The sample application is related with document management. The main functionalities are upload, convert to HTML and store documents from different formats. The code that we will show pretends to keep track actions over document.

Below you can find the Aspect bean called Trace:

@Aspect

class Trace {

    def log


    @Pointcut("execution(* my.company.myApp.document.DocumentService.add(..))")

    void createDocument(){}



    @Pointcut("execution(* my.company.myApp.document.DocumentService.update(..)) && args(document, user,..)")

    void updateDocument(Document document, User user){}



    @Pointcut("execution(* my.company.myApp.repository.RepositoryService.add*(..))")

    void storeDocument(){}



    @Before("createDocument()")

    void create(JoinPoint jp){

        Document document = jp.args[0] as Document

        User user = jp.args[1] as User

        log.info "The document: ${document?.name} has been created by user: ${user?.username}"

    }



    @Before("updateDocument(document, user)")

    void update(Document document, User user){

        log.info "The document: ${document?.name} has been modified by user: ${user?.username}"

    }

    

    @Before("storeDocument()")

    void storeDocument(JoinPoint jp){

        log.info "Called ${jp.signature.name} with ${jp.args} on ${jp.target}: Storing a new document"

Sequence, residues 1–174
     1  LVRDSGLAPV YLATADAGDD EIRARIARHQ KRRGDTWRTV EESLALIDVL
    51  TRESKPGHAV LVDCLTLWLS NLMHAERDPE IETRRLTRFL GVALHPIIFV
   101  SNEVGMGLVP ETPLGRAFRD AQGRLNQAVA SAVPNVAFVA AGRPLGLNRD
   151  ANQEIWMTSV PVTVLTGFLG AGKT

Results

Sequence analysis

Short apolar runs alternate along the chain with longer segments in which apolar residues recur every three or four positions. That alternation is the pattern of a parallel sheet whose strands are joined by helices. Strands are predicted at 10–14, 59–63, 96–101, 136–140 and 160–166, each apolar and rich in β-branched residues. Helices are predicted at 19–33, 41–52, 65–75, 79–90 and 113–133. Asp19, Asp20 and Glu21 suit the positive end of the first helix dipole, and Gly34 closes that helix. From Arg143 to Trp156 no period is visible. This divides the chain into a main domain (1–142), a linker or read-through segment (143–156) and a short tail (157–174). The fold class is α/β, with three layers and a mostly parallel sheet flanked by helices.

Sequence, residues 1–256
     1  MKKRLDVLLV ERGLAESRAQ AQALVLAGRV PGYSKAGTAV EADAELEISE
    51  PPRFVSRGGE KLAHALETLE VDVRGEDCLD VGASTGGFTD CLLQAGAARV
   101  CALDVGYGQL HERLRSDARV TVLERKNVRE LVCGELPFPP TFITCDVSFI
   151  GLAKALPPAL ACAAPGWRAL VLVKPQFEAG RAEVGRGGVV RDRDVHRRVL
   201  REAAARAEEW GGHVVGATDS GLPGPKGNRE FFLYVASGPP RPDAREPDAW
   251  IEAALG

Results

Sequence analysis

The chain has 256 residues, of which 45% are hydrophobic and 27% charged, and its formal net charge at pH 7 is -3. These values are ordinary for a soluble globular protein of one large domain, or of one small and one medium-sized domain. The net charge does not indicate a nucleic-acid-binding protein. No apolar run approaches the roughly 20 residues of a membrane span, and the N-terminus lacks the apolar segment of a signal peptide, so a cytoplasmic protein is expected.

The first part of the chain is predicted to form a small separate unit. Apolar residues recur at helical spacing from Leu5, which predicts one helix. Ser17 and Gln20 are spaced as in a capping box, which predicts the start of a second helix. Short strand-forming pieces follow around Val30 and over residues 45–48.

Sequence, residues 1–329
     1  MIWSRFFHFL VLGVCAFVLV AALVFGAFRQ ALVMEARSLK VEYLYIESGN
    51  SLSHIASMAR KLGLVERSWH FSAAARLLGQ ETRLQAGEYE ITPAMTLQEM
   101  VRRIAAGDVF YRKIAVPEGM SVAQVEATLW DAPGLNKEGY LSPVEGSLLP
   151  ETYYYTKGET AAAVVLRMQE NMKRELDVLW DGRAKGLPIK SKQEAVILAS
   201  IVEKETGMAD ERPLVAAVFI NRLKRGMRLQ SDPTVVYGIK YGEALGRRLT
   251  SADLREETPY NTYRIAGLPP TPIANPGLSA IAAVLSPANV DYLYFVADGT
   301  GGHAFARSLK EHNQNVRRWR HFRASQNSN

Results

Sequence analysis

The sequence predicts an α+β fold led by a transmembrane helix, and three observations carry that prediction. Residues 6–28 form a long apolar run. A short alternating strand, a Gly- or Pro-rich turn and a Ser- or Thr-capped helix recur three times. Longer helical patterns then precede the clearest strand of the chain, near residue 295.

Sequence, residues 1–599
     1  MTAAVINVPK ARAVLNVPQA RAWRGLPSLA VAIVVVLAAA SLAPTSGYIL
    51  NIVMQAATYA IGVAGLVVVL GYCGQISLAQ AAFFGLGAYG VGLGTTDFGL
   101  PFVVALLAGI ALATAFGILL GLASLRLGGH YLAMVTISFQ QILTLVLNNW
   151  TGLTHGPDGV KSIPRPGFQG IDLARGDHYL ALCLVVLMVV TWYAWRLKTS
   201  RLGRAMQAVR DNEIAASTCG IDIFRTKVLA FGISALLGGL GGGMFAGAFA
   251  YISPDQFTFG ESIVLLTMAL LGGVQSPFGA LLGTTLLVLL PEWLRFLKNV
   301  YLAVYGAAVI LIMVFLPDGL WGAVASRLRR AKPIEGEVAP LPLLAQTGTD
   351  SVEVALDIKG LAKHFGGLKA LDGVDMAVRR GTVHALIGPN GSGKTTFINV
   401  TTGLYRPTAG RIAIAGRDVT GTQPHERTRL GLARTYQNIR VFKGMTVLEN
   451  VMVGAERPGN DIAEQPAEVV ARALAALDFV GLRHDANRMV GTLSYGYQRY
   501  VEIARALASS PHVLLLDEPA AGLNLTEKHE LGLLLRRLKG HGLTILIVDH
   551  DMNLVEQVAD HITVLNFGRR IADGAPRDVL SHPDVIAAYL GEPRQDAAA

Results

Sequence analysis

}
}

We have declared three Pointcut sentences, I will explain below some of them.

Updating documents:

@Pointcut("execution(* my.company.myApp.document.DocumentService.update(..)) && args(document, user,..)")
  
  void updateDocument(Document document, User user){}

I this case we specify which method we want to track. We can specify arguments in the Pointcut declaration, that can be convenient most of time.

Our application contains a method with the next:

void update(Document document, User user){

    Version version = new Version(state: State.UPDATED, user: user, date: new Date())

    document.addToVersions(version)

    document.save()   

}

Then after declaring our Pointcut we need to implement the method which will execute the required behavior. We want to add new behavior exactly before the method is executed and then track which user has updated the document.